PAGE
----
Barn Elms plan clears Government planning hurdle

Long-standing proposals to build a centre for sporting excellence on the banks of the River Thames at Barn Elms have moved a step closer after the lifting of a Government embargo which prevented planning permission being formally granted.

The Government Office for London (GoL) has announced that after scrutinising the plans for six months the scheme can now proceed as originally drawn up. The GoL announcement means that planning permission for the multi-million pound scheme has now been finally granted.

Planning approval was actually granted by Richmond Council in March, but on May 4 the then Secretary of State John Prescott ordered Richmond to withhold the formal consent until further notice so that ministers could inspect the plans.

Lord Falconer, the minister now responsible for planning issues, has finally confirmed that he has
no objections to the project and it can now proceed without a public inquiry.

Wandsworth will now attempt to pull together a coalition of sporting groups to finance the scheme, which has seen its construction costs rocket following a 30 month delay in obtaining planning permission.

The planning application for the 100 acre site was submitted jointly by both Richmond and Wandsworth councils on April 12, 1999. Although the land is owned by both authorities, because it lies entirely within Richmond's boundaries, that council is the sole planning authority. Planning law requires these applications to be considered within eight weeks but Richmond's planners did not consider it until March 29, 2001, when it was approved.

This two year wait was then delayed by another six months following the Government's intervention in May. As a result of these delays, construction costs have increased from the £11m originally budgeted for to an estimated £17m today.

Wandsworth Council is now arranging an urgent meeting with UK Athletics in order to gauge their support for the project. The support of UK Athletics is crucial if the scheme is to attract lottery funding. The plans already have the backing of Sport England and a number of other sports' governing bodies, who all wish to see the Barn Elms site developed as a centre for sporting excellence.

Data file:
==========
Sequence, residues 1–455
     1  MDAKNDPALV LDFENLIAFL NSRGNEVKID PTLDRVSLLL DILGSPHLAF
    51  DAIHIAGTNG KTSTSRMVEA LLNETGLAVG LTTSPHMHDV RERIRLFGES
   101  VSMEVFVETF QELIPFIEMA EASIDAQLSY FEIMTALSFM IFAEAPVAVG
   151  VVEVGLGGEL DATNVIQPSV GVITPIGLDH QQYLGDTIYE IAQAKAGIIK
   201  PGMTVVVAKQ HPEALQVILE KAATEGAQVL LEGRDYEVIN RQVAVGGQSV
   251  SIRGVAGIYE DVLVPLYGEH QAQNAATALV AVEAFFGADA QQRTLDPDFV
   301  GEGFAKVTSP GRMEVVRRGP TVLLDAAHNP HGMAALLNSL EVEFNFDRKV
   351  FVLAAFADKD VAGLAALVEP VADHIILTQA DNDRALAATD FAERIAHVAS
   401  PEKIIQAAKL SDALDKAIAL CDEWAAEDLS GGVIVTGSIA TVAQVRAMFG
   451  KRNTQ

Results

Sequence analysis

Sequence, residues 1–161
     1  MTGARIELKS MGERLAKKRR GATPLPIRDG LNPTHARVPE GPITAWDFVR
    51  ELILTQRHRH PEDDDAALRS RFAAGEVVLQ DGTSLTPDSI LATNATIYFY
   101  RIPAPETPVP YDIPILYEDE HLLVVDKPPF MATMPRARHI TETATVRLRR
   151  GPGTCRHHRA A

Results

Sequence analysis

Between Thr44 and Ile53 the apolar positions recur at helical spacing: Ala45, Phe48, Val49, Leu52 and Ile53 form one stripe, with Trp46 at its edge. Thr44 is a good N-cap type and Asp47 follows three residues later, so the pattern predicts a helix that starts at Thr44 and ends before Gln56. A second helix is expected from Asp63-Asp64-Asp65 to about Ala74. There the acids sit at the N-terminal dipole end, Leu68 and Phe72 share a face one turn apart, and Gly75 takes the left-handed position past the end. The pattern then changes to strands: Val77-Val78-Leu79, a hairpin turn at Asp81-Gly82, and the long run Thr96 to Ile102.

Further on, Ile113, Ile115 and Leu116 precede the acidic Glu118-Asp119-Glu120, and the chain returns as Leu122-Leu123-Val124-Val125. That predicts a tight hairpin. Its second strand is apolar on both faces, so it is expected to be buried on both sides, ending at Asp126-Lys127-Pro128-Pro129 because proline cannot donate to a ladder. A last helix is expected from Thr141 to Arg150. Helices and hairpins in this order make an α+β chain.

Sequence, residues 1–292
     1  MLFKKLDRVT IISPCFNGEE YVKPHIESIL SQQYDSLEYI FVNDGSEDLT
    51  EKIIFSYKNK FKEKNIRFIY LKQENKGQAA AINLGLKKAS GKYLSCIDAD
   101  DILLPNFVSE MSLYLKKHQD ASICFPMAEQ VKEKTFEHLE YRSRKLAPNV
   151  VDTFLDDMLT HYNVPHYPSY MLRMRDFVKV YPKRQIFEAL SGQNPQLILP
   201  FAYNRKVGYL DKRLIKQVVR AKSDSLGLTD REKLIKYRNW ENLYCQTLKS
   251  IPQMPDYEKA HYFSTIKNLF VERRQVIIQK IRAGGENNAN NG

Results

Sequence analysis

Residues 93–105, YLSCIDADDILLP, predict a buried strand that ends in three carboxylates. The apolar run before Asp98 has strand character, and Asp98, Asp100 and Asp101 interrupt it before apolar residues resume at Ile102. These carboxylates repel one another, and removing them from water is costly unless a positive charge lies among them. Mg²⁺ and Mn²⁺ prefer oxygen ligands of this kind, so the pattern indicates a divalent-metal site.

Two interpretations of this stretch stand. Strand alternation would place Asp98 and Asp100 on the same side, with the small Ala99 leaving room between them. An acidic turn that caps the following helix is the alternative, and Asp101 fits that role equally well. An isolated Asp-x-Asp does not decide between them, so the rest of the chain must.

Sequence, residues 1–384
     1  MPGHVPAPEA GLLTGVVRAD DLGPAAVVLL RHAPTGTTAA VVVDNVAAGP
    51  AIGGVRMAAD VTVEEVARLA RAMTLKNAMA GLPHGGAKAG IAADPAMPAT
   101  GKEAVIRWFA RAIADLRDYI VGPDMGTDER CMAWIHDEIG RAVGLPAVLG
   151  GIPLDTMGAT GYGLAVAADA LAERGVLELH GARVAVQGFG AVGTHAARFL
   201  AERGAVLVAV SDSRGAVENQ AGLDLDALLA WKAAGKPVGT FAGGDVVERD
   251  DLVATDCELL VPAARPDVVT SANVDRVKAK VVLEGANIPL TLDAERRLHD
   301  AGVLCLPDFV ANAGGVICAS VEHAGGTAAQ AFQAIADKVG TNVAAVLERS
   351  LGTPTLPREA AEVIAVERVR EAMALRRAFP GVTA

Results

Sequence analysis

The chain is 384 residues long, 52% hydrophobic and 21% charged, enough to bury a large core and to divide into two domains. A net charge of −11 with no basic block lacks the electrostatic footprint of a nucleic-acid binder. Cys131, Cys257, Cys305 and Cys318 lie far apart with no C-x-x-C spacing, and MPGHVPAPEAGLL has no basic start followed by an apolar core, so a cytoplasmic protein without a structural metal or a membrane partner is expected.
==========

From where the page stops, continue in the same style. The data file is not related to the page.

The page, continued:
The project would see enhanced and improved facilities for a range of sports. The improvements include floodlit tennis courts and hockey pitches, a refurbished boathouse with café, plus upgrades to football, rugby and angling facilities on the Wandsworth part of the site. On Richmond's land, the existing athletics track would be refurbished and a new indoor athletics centre built.

Barn Elms has been used as sports venue for at least 50 years but over that time many of the facilities have become dilapidated and are in urgent need of refurbishment.

Wandsworth's cabinet member for environment and public services Guy Senior said: "I almost can't believe it, but I am delighted to be able to say that these much needed plans for better sporting facilities at Barn Elms have finally been approved.

"Although I am pleased we are now able to move forward, I am extremely concerned over the length of time it has taken the various planning authorities to get their act together. I just hope that their unwillingness or inability to act within a reasonable timescale hasn't jeopardised large sections of the masterplan.

"First we had two years of dithering and time wasting from Richmond before they managed to make a relatively straightforward decision and then we had the Government's last minute intervention, which achieved nothing but waste another six months and push the costs up even higher. The costs of this project has now risen from the £11m it would have cost to build in 1999 to the £17m it will now total. This extra money will obviously have to be found from somewhere.

"Following the Government's decision to pull the plug on Picketts Lock, I imagine there is a large sum of money in the accounts of UK Athletics. Some of this money could now be used at Barn Elms to provide the sort of world class athletics facilities that Londoners deserve.

"We must hope that UK Athletics feels the same way and offers us their support. If they are not willing to do so then we may have to look at other interested parties who want to secure modern purpose-built indoor facilities at a site that has the potential to be one of the jewels in London's sporting crown."